List of Pop/rock albums that I consider great sounding albums out of my collection. I would like to remind you that this is a sampling and not a complete list although this section is a bit more thourough than the classical section. I saw no point in listing 20 or so great sounding Harmonia Mundis or every Classics reissue I liked etc. so I gave a sampling. Also I must say that unlike every classical title i listed and most of the jazz I will list, most pop/rock albums are multi track recordings with electric guitars and or synthesizers not to mention electronic reverb.OK you all know that but I didn't want to be misunderstood by this list. The ones that I found most natural sounding I'll give *. there are also some totally unnatural sounding LPs that also just sound great to me. They are purely subjective but none the less I enjoy their sound as well as their music. I'll give those **. As Bob has requested I'll give little notes on the what i like about each one and comparisons with CDs for the ones I actually compared but... this is from memory. Not all comparisons were what I can call fair since a number of them were made with friends' CDs and equipment. It's not my fault if they didn't have the best mastered CDs or the best sounding CD players and I didn't keep tabs on what they had. For most of my serious auditions of CD players I used CDs from Analog Productions and Opus 3 to compare with their LP counterparts. I'll talk about those comparisons in another post.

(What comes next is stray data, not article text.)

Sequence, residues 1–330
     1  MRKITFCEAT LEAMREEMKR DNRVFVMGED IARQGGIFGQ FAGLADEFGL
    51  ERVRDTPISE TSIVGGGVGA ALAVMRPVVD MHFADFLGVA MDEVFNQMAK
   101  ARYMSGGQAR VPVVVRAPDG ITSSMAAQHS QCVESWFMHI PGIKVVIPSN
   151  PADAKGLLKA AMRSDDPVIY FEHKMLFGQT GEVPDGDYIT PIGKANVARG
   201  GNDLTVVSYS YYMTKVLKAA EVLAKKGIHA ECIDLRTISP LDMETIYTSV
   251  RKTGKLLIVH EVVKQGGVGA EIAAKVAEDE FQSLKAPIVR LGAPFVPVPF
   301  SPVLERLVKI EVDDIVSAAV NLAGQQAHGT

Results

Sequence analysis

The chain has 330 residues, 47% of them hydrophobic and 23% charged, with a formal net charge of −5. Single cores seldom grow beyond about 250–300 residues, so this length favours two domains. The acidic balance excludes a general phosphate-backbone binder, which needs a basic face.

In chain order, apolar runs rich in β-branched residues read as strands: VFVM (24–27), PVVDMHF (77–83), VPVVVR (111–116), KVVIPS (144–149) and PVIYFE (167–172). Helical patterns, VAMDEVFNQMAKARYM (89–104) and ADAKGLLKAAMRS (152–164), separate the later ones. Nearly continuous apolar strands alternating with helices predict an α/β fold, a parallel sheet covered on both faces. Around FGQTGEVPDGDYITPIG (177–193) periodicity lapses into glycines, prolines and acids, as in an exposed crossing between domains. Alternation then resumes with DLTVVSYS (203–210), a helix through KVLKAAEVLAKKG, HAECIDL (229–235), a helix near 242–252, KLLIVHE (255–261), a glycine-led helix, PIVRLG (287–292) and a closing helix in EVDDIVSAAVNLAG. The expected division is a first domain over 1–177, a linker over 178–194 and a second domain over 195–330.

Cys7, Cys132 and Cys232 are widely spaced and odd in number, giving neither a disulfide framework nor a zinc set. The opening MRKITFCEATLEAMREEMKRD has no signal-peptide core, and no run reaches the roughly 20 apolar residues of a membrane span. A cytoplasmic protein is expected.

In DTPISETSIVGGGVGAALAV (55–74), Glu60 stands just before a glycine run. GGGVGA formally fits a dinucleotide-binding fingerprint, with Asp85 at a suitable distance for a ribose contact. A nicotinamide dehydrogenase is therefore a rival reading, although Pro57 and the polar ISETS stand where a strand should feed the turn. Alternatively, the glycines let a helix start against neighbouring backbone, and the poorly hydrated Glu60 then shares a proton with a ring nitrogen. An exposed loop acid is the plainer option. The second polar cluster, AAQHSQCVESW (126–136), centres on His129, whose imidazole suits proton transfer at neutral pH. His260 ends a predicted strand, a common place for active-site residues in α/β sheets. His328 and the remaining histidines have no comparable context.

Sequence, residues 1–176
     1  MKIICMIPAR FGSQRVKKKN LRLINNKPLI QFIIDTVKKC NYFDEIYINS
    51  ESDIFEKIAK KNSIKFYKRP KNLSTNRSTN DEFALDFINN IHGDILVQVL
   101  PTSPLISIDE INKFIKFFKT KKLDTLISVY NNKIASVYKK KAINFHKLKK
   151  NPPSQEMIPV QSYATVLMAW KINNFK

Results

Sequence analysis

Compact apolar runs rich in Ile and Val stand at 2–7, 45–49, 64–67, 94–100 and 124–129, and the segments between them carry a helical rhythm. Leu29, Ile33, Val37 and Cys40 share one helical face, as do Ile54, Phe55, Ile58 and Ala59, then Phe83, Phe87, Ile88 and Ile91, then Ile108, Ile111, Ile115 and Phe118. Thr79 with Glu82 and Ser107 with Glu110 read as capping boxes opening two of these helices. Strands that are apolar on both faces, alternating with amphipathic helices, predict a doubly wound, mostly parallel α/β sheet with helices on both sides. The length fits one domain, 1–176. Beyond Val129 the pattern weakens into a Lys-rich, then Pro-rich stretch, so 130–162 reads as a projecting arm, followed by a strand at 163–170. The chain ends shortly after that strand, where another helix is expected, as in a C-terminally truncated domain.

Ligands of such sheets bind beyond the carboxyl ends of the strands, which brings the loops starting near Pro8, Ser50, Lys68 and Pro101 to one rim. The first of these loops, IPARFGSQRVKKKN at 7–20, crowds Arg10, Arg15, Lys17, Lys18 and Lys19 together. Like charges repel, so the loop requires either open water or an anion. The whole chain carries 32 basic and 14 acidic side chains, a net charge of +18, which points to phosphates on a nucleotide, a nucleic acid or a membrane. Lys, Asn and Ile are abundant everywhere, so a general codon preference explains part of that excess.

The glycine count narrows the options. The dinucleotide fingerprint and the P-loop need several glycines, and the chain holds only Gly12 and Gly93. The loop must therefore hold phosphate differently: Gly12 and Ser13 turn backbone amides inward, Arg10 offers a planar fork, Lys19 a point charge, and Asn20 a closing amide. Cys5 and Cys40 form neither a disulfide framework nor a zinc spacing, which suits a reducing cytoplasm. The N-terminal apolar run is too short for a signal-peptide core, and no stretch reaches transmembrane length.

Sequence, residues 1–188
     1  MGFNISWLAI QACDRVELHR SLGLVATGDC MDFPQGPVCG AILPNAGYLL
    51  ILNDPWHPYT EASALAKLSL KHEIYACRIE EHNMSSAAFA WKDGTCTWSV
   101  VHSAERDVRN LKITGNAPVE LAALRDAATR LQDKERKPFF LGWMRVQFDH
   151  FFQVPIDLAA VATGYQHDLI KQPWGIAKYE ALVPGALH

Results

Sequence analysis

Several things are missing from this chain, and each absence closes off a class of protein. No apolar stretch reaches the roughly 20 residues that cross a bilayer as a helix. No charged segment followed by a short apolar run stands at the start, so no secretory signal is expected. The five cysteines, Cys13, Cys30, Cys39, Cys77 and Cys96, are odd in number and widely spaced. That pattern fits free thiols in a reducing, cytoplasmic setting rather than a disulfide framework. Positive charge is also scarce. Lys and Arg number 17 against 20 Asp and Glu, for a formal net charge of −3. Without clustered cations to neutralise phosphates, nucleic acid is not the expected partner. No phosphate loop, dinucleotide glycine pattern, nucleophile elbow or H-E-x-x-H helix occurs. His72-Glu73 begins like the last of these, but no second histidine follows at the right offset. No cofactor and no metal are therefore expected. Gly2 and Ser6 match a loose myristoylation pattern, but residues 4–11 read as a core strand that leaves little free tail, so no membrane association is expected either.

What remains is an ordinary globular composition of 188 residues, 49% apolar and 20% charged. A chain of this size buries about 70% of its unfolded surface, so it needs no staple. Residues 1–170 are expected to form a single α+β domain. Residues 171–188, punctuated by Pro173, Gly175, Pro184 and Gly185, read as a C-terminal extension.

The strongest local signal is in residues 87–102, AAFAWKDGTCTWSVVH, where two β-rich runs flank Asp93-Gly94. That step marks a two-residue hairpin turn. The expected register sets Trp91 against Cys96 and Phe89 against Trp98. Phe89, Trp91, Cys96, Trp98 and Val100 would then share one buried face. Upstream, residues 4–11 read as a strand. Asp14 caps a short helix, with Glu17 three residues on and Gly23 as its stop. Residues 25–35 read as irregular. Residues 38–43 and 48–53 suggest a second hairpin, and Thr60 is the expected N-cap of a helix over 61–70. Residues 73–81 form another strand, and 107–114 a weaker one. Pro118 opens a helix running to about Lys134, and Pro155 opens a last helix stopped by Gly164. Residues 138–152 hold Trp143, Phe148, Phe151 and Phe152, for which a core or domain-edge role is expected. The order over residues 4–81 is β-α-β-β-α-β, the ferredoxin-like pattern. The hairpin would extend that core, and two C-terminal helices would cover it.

1.Joan Baez. In Concert volume II* Vangard VRS 9113
    No fire works here just Joan and her guitar in your listening room. If I had any
    complaints is that it might be a tad bright. But there she is 6 feet away from me.

    2. Bread. Best of. Elektra 75056 white label promo
    Suprised? This, being a compilation, is a mixed bag but the sonic mix varies from very good to amazing. Comparisons to CD were quite lopsided, TheCD sounded thin, bright , and abbrassive, Kind of like comparing Cerwin Vegas to Vandersteens. I suspect this CD was not mastered well.

    3.Maire Brennan. Maire. RCA BMG PL75358
    The sister of Enya and lead singer for Clannad. This album is very dynamic full range and complex. The mutlilayering is well defined and easy to follow. You can swim in this rich warm yet clear and punchy sound.

    4. Kate Bush. the Dreaming. UK EMI BMG 3419.
    This one is a mixed bag but the sound suits the music on each track and is very well defined. The artificial reverb and other effects are pleasant and work for the music. The one cut , All the Love, Is an intense ballad that strikes a balance between beauty and paranoia. The intimatacy and directness of her voice and piano coupled with the hugeness of the reverb draws you in completely.

    5. Julie Cruise. Floating into the night.** Warner Bros 9 25859
    Remember Twin Peaks? This is a very ethereal dreamy sounding album with tons of reverb. Like David Lynches movies there is nothing realistic about this album's sound. But it is rich and wet with make believe ambience.

    6.Dead can Dance. Aion ** 4AD CAD 0007
    An amazing album mixing old music and new. This album in content and sound is a cross between a classic Harmonia Mundi and Pink Floyd. I did compare this to the CD. The LP is far more relaxed . The CD is to foreward and tires me out right away. It reminds me of wtching a video game up close. So much content so starkly delivered. The LP is richer in harmonic content. The CD lets you hear the electronic sound effects but the LP lets you hear their character. The CD also had an opaque quality and lack of sense of depth. I don't mean so much depth of image but an inability to convey the layering of sound. So instead of letting you float in the sound like on the LP. the CD hammers you like a blunt weapon.